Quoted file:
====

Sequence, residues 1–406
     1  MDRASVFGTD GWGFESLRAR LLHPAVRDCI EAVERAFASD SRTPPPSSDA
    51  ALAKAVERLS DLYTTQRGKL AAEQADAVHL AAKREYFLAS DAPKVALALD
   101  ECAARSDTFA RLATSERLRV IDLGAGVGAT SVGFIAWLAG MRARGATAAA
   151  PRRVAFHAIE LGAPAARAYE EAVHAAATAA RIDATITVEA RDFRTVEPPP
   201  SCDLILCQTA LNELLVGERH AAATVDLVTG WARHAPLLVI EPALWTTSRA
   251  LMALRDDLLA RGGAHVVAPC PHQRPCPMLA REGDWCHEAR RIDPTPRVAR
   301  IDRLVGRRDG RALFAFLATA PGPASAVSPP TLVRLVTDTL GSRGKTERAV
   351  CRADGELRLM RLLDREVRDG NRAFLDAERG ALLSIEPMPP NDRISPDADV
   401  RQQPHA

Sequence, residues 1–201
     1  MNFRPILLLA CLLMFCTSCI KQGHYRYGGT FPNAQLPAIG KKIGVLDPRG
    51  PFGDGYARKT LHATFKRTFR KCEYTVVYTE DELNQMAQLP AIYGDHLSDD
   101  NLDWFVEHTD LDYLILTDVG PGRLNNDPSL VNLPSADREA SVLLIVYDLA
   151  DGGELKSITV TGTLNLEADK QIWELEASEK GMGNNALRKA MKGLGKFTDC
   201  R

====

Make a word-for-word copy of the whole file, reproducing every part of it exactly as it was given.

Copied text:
Sequence, residues 1–406
     1  MDRASVFGTD GWGFESLRAR LLHPAVRDCI EAVERAFASD SRTPPPSSDA
    51  ALAKAVERLS DLYTTQRGKL AAEQADAVHL AAKREYFLAS DAPKVALALD
   101  ECAARSDTFA RLATSERLRV IDLGAGVGAT SVGFIAWLAG MRARGATAAA
   151  PRRVAFHAIE LGAPAARAYE EAVHAAATAA RIDATITVEA RDFRTVEPPP
   201  SCDLILCQTA LNELLVGERH AAATVDLVTG WARHAPLLVI EPALWTTSRA
   251  LMALRDDLLA RGGAHVVAPC PHQRPCPMLA REGDWCHEAR RIDPTPRVAR
   301  IDRLVGRRDG RALFAFLATA PGPASAVSPP TLVRLVTDTL GSRGKTERAV
   351  CRADGELRLM RLLDREVRDG NRAFLDAERG ALLSIEPMPP NDRISPDADV
   401  RQQPHA

Sequence, residues 1–201
     1  MNFRPILLLA CLLMFCTSCI KQGHYRYGGT FPNAQLPAIG KKIGVLDPRG
    51  PFGDGYARKT LHATFKRTFR KCEYTVVYTE DELNQMAQLP AIYGDHLSDD
   101  NLDWFVEHTD LDYLILTDVG PGRLNNDPSL VNLPSADREA SVLLIVYDLA
   151  DGGELKSITV TGTLNLEADK QIWELEASEK GMGNNALRKA MKGLGKFTDC
   201  R